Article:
John West became governor in 1971 during a time of great change and racial conflict. His election was seen by many, including West himself, as a repudiation of divisive, racial politics. Among West’s major accomplishments as governor were the passage of mandatory automobile insurance for all drivers and the creation of the Housing Authority and Human Affairs Commission. West was also the first governor in over a century to appoint an African-American to an official state position when he named James E. Clyburn assistant to the governor for Human Resource Development.
One of West’s most striking memories of the Mansion was of the trustees and his first moments within the home. “Of course, we knew that all of the help were convicts, they were from the penitentiary. I walked through the house introducing myself, and [walked] into the kitchen, there was a black man, a cook with a large hat on. He turned to me and he said, ‘Lord, Mr. West, you knows me. Your firm defended me. Us lost.’ So, that was my introduction to the help at the Governor's Mansion. And of course, over the years there, we developed a real relationship with them and a real respect for the rehabilitation that comes from the penitentiary system, particularly those working there.”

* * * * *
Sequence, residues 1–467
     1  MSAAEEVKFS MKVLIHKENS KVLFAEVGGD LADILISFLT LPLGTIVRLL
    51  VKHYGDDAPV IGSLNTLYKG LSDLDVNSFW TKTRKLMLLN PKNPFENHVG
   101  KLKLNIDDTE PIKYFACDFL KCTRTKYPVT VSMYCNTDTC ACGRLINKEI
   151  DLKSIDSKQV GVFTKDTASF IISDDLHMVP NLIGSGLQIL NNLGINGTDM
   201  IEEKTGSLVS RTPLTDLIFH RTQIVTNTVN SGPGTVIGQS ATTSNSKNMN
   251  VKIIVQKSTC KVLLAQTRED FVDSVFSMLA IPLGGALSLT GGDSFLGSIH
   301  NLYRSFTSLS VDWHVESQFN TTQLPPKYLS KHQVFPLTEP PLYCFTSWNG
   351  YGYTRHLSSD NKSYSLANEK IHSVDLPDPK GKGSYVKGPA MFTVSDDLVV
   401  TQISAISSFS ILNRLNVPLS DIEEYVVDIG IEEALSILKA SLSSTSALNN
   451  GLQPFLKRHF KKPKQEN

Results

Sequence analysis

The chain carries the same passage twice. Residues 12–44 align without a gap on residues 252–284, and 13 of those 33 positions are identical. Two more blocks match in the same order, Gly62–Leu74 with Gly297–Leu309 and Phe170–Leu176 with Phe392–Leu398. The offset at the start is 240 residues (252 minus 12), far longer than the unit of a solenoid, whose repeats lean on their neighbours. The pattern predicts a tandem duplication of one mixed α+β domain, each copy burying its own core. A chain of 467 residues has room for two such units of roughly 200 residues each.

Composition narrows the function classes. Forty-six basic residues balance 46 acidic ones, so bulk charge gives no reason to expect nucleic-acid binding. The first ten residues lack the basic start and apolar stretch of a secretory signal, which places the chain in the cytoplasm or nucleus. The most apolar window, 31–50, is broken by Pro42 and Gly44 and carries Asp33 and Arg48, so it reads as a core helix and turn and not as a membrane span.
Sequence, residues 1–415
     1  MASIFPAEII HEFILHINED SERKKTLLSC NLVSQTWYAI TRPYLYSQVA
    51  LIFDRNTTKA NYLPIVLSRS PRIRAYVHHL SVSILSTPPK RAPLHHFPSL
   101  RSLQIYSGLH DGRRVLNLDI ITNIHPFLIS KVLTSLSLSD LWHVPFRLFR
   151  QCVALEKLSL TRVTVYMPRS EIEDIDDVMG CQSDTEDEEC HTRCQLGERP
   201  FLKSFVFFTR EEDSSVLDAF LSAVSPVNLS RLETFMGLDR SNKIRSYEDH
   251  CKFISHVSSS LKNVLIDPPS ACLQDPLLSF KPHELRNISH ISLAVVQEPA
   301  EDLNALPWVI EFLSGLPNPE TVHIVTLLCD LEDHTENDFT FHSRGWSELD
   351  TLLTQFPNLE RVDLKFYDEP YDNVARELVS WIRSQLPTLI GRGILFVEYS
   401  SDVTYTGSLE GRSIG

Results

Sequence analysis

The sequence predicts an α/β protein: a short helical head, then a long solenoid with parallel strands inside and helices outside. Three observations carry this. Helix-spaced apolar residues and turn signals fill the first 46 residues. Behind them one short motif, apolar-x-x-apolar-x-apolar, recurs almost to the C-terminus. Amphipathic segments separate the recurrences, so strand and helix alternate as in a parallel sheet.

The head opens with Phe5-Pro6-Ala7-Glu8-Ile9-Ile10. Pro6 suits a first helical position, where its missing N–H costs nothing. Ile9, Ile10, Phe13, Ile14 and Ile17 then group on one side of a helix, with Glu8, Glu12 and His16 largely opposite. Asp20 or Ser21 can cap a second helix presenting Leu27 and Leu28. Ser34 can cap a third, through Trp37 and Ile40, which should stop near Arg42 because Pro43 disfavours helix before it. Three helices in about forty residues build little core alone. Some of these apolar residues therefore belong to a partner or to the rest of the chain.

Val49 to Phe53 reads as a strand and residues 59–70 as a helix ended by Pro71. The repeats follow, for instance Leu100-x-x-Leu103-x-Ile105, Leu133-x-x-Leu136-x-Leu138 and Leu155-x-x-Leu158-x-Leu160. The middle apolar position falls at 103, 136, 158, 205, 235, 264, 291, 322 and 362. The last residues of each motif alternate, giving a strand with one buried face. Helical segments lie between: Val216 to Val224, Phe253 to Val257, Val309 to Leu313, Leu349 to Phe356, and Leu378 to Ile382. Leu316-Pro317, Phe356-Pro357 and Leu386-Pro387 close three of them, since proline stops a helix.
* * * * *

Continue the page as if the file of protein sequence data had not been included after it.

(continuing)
When asked how he and wife Lois handled concurrent events, West noted,“Well, frequently I would show up at one and she [at] the other one and maybe we would mingle during the social hour at one and go and have dinner at the other. It was a constant challenge but a real reward because the people appreciated the hospitality, the ‘southern hospitality.’”
Among Mrs. West’s activities as First Lady was the establishment of a horticulture program for the mentally disabled which provided flower arrangements to decorate the State House and Governor’s Mansion. She also oversaw the completion of the renovation of the Lace House on the Mansion grounds.
Asked for her favorite memory, Mrs. West said,“One of the things that John did is he would invite members of the legislature to come and spend the weekend. And we invited them to come and bring somebody they wanted to bring with them. And so, they would come and we'd plan the weekend around what they wanted to do, and they enjoyed it and it was fun for us, we got to really know them. And we made some very close friends that we still have to this day.”
Visit SCPC to learn more about Governor West and his collection.